Saturday, April 10, 2010

The effectiveness of educational gaming and the new possibilities of engaged learning.

The potential for computer gaming in the classroom is becoming more and more recognised by teachers as a way of generating engaged learning amongst students. Studies are finding that games make learning fun by using entertainment as an educational tool. The idea is that the child will enjoy themselves and forget that they’re learning, but still maintain the knowledge they pick up while playing.

Play, which is recognised in early childhood as an important part of development, is also being recognised in secondary level students as an important way of learning (Scarlatos, 2009). These active learning experiences help develop students understanding and skill levels by scaffolding, building on their own prior knowledge and the knowledge of their classmates (Scarlotos, 2009). Computer games are becoming increasingly recognised as motivating for children and this strong motivational pull is of particular interest to theorists, who over the last 25 years have been researching this ‘intrinsic motivation’ and the factors that make games motivating (Rigby et al., 2009). Malone (1981) hypothesised that “the appeal of games was largely a function for their ability to evoke challenge, fantasy, and curiosity in players” (Rigby et al., 2009). Satisfaction and competence have also been noted, as well as self-determination, which “supports a framework that can bridge the gap between education and social values” (Rigby et al., 2009).

As an example of self-determination, is a particular study on children’s motivational experiences through video games. The focus was on a group of students from Jackson Creek Secondary School who participated in a study by the School of Education about video games. Researches gathered data on the student’s techniques and decision making in the games to help develop instructional technologies that will convey knowledge in the classroom. Robert Appleman, the coordinator of technology education discussed the use of games in the classroom. Appleman identified that the games were fun for the kids who were smiling, laughing, interacting and socialising with other students. It was found that by focusing on games in study, students can have just as much learning as they would playing.

This enjoyment in learning has also been linked to increased student self-esteem. A case study which focused on the effects of commercial off-the-shelf computer games, researched children’s mental computation skills and aspects of self-perceptions. The participants used games consoles each day, running a ‘brain training’ game. Their results were compared to an alternate group who were learning the same content in a traditional setting. Over a ten week period, significant gains were found in the games console group for both accuracy and speed of calculations. This group also showed gains in self-perception (Miller et al., 2010).

Whilst computer games do offer many opportunities for enhanced learning, there are several issues in incorporating the computer games into schools. This integration challenges the current culture of schools and traditional teacher perceptions (Lim, 2008). Thus, there is the lack of technical support, lack of professional training and resources. In order for the opportunity of computer games to be put in place within the cultural system of schools as an engaged learning tool, Lim suggests certain practices that need to be considered. This includes, redesigning the curriculum to create opportunities for different students with different needs, building upon student’s outside-classroom experiences and “shifting away from evaluative structures that function to support social reproduction and towards opportunities that support learning” (Lim, 2008).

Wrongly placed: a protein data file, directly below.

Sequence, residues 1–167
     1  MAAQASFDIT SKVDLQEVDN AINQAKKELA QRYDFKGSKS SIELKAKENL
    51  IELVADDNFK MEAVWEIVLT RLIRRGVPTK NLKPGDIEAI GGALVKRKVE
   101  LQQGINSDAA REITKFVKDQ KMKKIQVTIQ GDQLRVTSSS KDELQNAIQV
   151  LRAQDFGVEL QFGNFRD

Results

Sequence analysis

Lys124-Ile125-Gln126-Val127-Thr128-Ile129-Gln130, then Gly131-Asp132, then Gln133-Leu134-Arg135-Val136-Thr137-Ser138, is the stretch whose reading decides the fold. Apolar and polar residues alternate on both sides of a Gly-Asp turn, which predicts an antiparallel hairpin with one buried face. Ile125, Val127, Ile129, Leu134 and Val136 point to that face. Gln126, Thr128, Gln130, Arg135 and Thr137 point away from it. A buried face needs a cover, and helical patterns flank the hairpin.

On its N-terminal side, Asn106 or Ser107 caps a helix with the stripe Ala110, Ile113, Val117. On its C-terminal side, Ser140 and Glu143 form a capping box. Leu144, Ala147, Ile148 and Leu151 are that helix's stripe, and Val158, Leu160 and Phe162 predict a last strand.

Other criticisms are that games do not meet the needs of the curriculum, teacher, or the whole class of student’s (Scarlatos, 2009). Lim suggests a solution to these issues and questions whether the empowerment of students to create games for one another, based on the school’s curriculum may address the insignificance of computer games in the classroom setting. By creating classroom assignments where the student acts as the designer, harnesses the excitement and engagement among students and reaches an assessable outcome.

Research into the benefits of computer games in education is often limited by how quickly the particular games studied become outdated (Miller et al., 2010). The possibilities, however, for the motivational effects of gaming in the classroom is becoming increasingly accepted. There are still varying concerns and criticisms by educators in regards to the integration of gaming devises. Teachers often abandon technology that they are unfamiliar with (Lim, 2008). However with enough information and ideas about how these games may be effectively used to engage students in their learning, educators may become more confident and interested in exploring their uses.

Gaming in Education, April 24, 2009

Lim, P.C., 2008, Spirit of the game: Empowering students as designers in schools? British Journal of Educational Technology, Vol 39, No. 6

Miller, D.J., and Robertson, D.P., 2010, using a games console in the primary classroom: Effects of ‘Brain Training’ programme on computation and self-esteem, British Journal of Educational Technology, Vol 41, No. 2

Rigby, S.C., and Prybylski, A.K., 2009, virtual worlds and the learner hero: How today’s video games can inform tomorrow’s digital learning environments, Theory and research in education, Vol 7, No. 214

Scarlatos,L.L., and Scarlatos, T., 2009, Teacher directed active learning games, Educational Technology Systems, Vol 37, No. 3

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